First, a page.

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Danby Bloch: A warning on IHT and pensions

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The tax position of pension scheme death benefits now looks very attractive and advisers are understandably getting more excited about the planning possibilities. There is much talk of an estate planning revolution, with wealth cascading down the generations. However, a fully paid-up member of the awkward squad might ask: how confident are we this benign situation is really going to last?

The fact is some people in this country are just not that enthusiastic about wealth cascading down the generations in this way. So it might not last. New style pension and inheritance tax planning over the long term looks like a great opportunity but let us not forget all the other estate planning weapons in our rush to embrace this shiny new one.

First let’s remind ourselves of the new rules. The tax position on the fund paid from a defined contribution pension after death depends on when they die. Basically:

  • If the person’s death occurs before age 75 the fund is free of tax, regardless of whether the individual had started to draw their pension or not.
  • But if the person dies at the age of 75 or later the nominated beneficiary will be able to access the pension funds flexibly, at any age, and pay tax at their income tax rate.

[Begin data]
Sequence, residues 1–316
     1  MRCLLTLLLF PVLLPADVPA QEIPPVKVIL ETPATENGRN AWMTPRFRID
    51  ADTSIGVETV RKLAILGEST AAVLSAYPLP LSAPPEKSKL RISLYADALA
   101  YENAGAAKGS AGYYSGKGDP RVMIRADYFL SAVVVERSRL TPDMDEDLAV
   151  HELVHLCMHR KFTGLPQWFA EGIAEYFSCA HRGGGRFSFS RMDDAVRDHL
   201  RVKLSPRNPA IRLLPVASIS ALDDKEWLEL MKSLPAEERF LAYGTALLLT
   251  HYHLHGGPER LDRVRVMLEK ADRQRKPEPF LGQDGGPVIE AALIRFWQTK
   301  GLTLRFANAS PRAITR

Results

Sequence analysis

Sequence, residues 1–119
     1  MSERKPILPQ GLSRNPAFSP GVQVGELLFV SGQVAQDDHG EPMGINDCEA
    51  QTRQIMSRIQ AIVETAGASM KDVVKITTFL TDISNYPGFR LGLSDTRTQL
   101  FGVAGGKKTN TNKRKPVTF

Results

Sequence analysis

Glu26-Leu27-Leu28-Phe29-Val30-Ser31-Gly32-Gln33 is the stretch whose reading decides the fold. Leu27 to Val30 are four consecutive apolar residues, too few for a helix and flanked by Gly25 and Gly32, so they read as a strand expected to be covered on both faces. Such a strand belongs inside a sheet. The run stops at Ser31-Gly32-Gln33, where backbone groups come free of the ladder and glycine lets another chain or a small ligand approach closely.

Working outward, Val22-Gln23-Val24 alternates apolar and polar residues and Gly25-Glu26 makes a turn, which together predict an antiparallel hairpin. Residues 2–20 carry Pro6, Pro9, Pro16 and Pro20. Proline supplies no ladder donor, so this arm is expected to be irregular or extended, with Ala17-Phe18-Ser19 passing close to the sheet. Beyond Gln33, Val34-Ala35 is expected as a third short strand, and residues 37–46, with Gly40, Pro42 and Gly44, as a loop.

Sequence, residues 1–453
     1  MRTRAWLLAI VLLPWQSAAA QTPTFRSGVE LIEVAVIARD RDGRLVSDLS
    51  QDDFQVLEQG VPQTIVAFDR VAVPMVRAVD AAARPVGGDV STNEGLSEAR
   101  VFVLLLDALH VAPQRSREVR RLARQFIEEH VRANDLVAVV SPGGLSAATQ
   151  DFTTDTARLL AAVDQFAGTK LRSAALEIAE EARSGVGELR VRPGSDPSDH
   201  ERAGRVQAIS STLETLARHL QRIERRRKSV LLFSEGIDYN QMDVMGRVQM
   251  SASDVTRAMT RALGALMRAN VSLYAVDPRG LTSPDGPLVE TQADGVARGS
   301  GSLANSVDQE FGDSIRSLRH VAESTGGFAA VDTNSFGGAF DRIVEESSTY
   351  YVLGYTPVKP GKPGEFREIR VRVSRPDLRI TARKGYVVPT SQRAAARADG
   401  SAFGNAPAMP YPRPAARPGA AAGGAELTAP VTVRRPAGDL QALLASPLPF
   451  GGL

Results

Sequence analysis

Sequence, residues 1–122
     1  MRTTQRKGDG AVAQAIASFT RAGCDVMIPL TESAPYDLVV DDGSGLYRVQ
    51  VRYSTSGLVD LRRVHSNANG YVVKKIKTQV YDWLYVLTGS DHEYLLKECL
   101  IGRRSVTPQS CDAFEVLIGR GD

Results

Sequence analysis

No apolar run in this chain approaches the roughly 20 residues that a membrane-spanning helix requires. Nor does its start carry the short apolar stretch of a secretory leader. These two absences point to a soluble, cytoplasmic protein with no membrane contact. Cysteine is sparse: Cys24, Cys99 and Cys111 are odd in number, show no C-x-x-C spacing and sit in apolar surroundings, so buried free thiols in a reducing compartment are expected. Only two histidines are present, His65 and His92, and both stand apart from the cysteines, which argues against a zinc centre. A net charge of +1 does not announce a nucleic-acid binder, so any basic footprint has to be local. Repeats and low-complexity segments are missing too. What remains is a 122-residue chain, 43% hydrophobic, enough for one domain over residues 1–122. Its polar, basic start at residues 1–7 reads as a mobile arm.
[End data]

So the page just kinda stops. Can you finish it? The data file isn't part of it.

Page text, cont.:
As things stand, this can go on generation after generation. There is no IHT and the recipient only pays income tax when drawing income from these otherwise pretty much tax-free funds. It looks brilliant for anyone who has built up a fair sized fund and is something of a disincentive to spending it.

But what would happen if the Government changed the rules? It could happen any time. The kind of estate planning envisaged is only crystallised when someone dies. So it might well need several decades of legislative stability. Adverse changes to the rules could hardly be described as retroactive or retrospective, although in some sense it would be both these. It would be like increasing the rate of capital gains tax or stamp duty land tax in the way it would apply to existing assets investors hold. Or even mansion tax. So it is certainly not inconceivable.